Raises alone won’t always lure and hold the best talent, so local businesses also plan to pile on benefits in 2008.
Health insurance remains the king of perks: Just 11 percent of business executives surveyed said they would shed health coverage in the coming year, while 65 percent said they’d keep offering insurance.
The commitment to offering health plans is both altruistic and practical.
Somers said she wants to protect her employees’ health because it’s the right thing to do. But coverage is also essential because her staff members work alongside union members at the Las Vegas Convention Center and inside local resorts.
The rich benefits packages those union workers enjoy could enable bigger operations to poach Somers’ best employees, transforming her business into a “training ground” that would lose skilled workers to other businesses. She’s planning “absolutely” no decreases in health insurance this year.
Linden isn’t reducing benefits in 2008, but he has managed to push down insurance expenses at Shred-It. He covers 80 percent of his workers’ premiums, plus 50 percent of the cost for employees’ dependents. Shopping around for a new plan uncovered a more-affordable option: Linden switched to health coverage through the 7,000-member Las Vegas Chamber of Commerce and cut premiums for family coverage from $273 to $195 each pay period. Per-paycheck expenses for single insureds fell from $42 to $34.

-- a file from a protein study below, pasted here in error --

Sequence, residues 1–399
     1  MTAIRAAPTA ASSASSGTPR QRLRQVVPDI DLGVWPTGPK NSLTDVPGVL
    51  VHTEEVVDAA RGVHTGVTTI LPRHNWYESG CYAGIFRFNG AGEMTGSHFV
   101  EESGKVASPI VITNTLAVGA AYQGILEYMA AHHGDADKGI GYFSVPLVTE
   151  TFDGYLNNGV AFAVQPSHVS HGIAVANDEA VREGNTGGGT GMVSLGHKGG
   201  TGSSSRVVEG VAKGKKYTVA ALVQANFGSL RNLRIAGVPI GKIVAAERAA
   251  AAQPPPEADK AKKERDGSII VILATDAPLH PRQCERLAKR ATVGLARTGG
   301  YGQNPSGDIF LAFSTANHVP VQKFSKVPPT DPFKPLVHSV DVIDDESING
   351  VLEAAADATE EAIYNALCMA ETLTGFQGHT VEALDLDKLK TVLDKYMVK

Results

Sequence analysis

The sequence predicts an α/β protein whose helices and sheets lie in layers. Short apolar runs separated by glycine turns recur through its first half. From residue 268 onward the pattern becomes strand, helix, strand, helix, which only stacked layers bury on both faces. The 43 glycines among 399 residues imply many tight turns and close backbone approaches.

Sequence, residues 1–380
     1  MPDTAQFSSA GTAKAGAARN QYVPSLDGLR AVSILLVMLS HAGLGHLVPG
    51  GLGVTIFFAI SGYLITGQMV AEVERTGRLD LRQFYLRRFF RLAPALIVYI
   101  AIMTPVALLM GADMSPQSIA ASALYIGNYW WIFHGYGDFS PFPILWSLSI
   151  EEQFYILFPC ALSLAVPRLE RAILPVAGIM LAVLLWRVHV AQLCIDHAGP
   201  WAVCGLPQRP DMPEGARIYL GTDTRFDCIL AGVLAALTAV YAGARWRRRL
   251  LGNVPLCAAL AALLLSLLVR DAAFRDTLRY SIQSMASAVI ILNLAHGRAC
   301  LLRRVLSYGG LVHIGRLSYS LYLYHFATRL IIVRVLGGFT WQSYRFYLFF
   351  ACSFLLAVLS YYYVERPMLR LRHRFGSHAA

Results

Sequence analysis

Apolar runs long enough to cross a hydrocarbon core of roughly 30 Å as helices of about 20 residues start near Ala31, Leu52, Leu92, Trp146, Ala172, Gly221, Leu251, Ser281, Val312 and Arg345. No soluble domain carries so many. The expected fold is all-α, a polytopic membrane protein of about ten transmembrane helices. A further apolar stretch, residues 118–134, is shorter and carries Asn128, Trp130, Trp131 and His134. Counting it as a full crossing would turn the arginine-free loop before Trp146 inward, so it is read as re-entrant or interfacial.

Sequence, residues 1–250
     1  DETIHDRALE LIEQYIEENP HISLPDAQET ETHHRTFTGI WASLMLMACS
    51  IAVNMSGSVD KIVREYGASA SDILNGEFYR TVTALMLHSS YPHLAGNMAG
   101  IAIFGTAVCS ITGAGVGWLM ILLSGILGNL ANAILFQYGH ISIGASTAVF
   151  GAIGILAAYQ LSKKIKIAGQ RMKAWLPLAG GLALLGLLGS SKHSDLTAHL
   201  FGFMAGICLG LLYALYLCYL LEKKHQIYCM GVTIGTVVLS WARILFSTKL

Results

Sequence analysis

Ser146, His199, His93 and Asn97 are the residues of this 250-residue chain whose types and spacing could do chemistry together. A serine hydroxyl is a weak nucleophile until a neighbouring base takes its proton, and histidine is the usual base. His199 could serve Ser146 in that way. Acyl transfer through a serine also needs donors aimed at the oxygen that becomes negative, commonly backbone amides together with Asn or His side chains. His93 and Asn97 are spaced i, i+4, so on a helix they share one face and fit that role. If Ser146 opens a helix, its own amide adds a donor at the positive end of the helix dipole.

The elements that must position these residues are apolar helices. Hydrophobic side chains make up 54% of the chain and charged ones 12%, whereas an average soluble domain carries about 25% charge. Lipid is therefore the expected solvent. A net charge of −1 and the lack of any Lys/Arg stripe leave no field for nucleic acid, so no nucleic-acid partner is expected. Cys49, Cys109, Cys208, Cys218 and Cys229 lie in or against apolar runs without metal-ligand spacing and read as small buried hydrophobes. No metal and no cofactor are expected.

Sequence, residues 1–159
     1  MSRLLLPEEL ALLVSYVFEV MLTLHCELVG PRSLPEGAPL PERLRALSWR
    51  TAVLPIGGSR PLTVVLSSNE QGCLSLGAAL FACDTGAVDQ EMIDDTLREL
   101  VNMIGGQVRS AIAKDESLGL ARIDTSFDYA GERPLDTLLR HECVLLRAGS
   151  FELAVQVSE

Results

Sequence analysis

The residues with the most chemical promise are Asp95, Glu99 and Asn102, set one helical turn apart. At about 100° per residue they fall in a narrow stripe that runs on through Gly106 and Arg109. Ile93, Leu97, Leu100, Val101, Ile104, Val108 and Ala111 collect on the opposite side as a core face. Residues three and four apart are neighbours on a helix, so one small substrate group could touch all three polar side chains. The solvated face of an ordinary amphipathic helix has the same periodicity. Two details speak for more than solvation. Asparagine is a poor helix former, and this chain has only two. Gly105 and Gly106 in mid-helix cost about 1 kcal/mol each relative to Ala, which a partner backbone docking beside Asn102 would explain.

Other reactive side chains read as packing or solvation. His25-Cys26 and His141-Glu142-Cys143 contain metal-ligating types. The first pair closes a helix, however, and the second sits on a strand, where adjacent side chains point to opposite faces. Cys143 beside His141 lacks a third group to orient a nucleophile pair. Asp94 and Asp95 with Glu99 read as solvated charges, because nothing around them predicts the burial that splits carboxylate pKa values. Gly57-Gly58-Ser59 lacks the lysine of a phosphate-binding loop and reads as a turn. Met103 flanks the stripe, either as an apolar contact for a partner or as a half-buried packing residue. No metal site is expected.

“From my point of view, offering health insurance is not a choice,” Linden said. “It’s part of being a responsible employer.”
The same philosophy reigns at CardioVascular BioTherapeutics.
The business doesn’t have many local labor competitors because Southern Nevada’s biotech sector is relatively undeveloped, said Mitzy Cooper, manager of human resources. So health benefits are a moral imperative rather than a recruiting tool. CardioVascular BioTherapeutics provides employees with three PPO choices and contributes more than $500 a month to flexible-spending accounts to pay for treatments insurance doesn’t cover.
“Our company is very interested in the well-being of our employees,” Mack said.
“We have an extremely caring founder who knows the importance of family and health, so he does everything possible to promote that culture in the company.”
Businesses are adding benefits outside the health realm, too.
Shred-It and CardioVascular BioTherapeutics emphasize flexible scheduling for employees seeking work-life balance. Full-time employees at CardioVascular BioTherapeutics have also received stock options in the public company, and they can indulge in free beverages from a well-stocked office refrigerator. At Somers Furniture, all employees, including truck drivers, repairmen and furniture makers, earn commissions on top of salaries. The surplus pay helps every worker buy into the success of the business, Somers said.
“You need to realize your employees can either make you or break you,” she said. “Every employee is motivated by something different. Some want time off. Some are motivated by money. You have to realize where they fit. Benefits might be a little different, but they’re what keep an employee.”
Contact reporter Jennifer Robison at firstname.lastname@example.org or (702) 380-4512.